echo -e "[\033[0;91mERROR\033[m]: $1"
}

# Print a message in bold.
echo_bold() {
echo -e "\033[1m$1\033[m"
}

# Prompt the user for information, showing the default value in brackets.
prompt() {
local message="$1"
local default="$2"

[ -n "$default" ] && message+=" [$default]"
message+=": "

read -rp "$message" prompt_return
[ -z "$prompt_return" ] && prompt_return="$default"
}

# Grab a username from Git config.
set_git_username() {
git_username="$(git config --get user.name)"
}

# Copy the template files to the new keyboard directory.
copy_templates() {
echo -n "Copying base template files..."
cp -r "quantum/template/base" "${keyboard_dir}"
echo " done"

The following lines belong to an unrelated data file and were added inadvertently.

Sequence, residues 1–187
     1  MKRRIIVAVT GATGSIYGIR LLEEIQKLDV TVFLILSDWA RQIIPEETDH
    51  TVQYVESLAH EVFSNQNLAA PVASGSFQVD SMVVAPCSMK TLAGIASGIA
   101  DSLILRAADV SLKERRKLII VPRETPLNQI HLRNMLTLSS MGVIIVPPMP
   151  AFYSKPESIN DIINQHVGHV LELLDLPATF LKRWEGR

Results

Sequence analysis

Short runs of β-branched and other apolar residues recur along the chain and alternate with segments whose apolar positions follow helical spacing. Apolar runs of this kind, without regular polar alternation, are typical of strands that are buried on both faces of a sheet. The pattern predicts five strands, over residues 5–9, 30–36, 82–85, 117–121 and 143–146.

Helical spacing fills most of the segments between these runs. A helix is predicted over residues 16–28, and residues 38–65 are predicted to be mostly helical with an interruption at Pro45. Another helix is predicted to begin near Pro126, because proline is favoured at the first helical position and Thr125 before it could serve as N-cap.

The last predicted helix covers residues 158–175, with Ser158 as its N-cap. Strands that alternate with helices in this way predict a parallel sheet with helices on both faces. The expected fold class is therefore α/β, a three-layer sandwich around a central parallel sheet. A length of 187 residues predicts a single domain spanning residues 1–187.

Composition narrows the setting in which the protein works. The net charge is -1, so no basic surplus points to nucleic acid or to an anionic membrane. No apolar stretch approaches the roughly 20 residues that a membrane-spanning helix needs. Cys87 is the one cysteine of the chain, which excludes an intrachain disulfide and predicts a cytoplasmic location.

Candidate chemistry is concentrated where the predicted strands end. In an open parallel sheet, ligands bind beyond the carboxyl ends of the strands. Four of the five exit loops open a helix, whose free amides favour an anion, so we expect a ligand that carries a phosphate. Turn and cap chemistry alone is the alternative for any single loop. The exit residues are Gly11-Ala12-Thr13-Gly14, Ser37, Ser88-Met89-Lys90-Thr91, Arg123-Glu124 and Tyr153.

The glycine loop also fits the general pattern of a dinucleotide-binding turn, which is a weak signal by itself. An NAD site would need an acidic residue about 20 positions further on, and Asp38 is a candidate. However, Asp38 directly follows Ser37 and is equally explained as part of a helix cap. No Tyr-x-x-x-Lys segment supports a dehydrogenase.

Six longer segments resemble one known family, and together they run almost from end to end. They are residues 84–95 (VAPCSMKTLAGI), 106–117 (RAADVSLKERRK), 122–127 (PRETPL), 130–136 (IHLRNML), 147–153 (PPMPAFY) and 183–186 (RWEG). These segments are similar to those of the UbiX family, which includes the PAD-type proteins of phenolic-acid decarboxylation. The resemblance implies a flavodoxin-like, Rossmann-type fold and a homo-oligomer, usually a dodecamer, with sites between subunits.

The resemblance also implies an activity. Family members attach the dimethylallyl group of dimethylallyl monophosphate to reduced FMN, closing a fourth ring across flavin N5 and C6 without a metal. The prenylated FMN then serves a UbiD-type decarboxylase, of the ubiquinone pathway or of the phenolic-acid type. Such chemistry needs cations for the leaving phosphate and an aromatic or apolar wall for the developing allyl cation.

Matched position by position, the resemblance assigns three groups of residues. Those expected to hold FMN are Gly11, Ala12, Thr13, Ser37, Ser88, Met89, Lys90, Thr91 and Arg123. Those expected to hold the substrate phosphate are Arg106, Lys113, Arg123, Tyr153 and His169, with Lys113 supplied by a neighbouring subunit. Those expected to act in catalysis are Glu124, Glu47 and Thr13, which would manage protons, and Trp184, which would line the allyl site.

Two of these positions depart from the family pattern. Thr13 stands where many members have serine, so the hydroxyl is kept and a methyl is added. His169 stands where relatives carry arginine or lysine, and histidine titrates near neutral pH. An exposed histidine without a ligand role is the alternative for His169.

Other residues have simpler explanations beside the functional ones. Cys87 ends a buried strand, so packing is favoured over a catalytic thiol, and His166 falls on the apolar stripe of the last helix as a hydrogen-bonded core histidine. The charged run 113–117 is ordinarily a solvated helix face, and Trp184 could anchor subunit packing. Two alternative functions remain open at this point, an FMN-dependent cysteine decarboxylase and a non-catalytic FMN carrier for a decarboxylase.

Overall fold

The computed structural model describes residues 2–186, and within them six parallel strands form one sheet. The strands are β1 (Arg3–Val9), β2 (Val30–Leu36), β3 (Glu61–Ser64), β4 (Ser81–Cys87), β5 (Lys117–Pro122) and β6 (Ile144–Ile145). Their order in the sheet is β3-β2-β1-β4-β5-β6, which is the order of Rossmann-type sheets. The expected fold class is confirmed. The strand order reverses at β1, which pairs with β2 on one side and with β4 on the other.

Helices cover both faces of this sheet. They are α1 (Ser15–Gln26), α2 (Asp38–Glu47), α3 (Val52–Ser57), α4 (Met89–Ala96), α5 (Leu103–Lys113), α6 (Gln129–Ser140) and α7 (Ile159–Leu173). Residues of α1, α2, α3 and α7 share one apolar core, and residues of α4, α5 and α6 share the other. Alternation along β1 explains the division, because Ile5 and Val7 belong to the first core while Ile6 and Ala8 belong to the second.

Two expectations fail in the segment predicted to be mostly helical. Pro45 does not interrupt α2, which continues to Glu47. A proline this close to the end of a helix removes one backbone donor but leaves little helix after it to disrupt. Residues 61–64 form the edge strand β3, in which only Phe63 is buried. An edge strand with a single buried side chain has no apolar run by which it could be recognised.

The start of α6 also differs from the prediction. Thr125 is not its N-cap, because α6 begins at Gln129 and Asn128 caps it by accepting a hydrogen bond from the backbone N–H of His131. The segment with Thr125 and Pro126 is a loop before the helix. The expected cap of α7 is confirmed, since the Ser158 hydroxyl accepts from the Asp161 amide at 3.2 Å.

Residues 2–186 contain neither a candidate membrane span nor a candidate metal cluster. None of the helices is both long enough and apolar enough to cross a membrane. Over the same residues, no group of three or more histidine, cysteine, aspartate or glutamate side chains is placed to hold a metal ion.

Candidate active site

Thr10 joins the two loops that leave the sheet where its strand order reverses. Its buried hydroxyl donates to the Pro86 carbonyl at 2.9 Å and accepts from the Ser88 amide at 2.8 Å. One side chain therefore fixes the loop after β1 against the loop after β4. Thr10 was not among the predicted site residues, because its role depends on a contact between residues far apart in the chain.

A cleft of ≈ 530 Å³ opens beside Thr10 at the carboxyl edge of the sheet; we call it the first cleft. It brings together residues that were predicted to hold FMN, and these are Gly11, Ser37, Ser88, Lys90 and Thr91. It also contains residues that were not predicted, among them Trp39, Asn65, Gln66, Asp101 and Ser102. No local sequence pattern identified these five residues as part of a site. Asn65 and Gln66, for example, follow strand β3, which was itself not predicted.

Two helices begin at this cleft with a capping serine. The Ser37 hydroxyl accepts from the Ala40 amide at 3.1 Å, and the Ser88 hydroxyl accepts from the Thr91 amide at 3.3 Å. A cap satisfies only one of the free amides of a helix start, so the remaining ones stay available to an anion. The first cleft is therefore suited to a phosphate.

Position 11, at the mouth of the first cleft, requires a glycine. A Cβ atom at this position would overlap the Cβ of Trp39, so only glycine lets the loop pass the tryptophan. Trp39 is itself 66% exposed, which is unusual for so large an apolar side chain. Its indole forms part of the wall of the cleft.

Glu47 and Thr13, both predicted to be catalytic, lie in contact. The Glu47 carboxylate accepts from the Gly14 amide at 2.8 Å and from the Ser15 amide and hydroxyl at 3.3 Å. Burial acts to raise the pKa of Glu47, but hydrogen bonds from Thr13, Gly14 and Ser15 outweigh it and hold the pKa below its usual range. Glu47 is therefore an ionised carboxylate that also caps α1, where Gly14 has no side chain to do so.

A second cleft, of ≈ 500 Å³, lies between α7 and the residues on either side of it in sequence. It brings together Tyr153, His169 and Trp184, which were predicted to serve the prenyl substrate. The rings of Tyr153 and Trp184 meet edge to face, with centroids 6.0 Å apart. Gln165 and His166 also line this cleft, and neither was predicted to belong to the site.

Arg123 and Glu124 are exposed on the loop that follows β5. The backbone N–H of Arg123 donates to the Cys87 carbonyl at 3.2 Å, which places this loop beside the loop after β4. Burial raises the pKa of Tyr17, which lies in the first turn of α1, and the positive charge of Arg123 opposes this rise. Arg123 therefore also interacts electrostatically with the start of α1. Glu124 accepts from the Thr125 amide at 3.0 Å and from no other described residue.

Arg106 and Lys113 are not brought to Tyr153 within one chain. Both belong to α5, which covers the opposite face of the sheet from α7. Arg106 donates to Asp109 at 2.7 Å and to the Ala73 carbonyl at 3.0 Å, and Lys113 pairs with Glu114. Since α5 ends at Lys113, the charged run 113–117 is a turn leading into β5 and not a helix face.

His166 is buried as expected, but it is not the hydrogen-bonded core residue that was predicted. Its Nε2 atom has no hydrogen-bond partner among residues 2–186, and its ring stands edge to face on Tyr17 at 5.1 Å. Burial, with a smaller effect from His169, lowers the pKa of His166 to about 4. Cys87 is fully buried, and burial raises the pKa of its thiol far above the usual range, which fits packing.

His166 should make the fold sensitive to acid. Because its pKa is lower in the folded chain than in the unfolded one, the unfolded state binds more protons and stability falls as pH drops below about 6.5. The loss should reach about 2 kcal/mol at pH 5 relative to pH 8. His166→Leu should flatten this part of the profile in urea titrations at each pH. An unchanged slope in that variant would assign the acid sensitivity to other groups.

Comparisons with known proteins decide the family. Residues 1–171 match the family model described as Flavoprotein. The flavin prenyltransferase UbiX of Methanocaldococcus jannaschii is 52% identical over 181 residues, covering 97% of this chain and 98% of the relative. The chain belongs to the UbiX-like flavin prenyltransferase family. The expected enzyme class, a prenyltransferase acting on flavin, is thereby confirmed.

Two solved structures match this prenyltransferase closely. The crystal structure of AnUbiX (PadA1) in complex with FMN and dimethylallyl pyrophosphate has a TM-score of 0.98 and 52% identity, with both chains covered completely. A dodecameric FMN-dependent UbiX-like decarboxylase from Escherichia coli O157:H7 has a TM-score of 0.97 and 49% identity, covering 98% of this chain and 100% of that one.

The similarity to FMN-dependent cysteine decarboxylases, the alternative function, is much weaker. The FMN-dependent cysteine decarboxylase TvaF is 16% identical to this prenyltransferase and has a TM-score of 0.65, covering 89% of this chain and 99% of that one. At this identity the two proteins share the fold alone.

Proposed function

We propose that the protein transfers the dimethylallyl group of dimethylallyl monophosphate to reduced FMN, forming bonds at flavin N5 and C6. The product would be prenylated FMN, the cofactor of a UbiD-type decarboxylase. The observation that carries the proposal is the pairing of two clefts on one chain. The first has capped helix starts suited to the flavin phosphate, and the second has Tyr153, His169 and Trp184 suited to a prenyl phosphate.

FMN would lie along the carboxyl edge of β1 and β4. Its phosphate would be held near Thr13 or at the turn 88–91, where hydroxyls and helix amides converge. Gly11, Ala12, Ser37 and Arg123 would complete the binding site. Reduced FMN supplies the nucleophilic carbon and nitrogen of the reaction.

echo -n "Copying $keyboard_type template files..."
cp -r "quantum/template/${keyboard_type}/." "${keyboard_dir}"
echo " done"

echo -n "Renaming keyboard files..."
mv "${keyboard_dir}/template.c" "${keyboard_dir}/${keyboard_name}.c"
mv "${keyboard_dir}/template.h" "${keyboard_dir}/${keyboard_name}.h"
echo " done"
}

# Set the inplace editing parameter for sed.
# macOS/BSD sed expects a file extension immediately following -i.
set_sed_i() {
sed_i=(-i)

case $(uname -a) in
*Darwin*) sed_i=(-i "")
esac
}

# Replace a token with a value in the given list of files.
replace_placeholders() {
local replace_token="$1"
local replace_value="$2"
shift 2
local replace_filenames=("$@")

echo -n "Replacing $replace_token with $replace_value..."
for replace_filename in "${replace_filenames[@]}"; do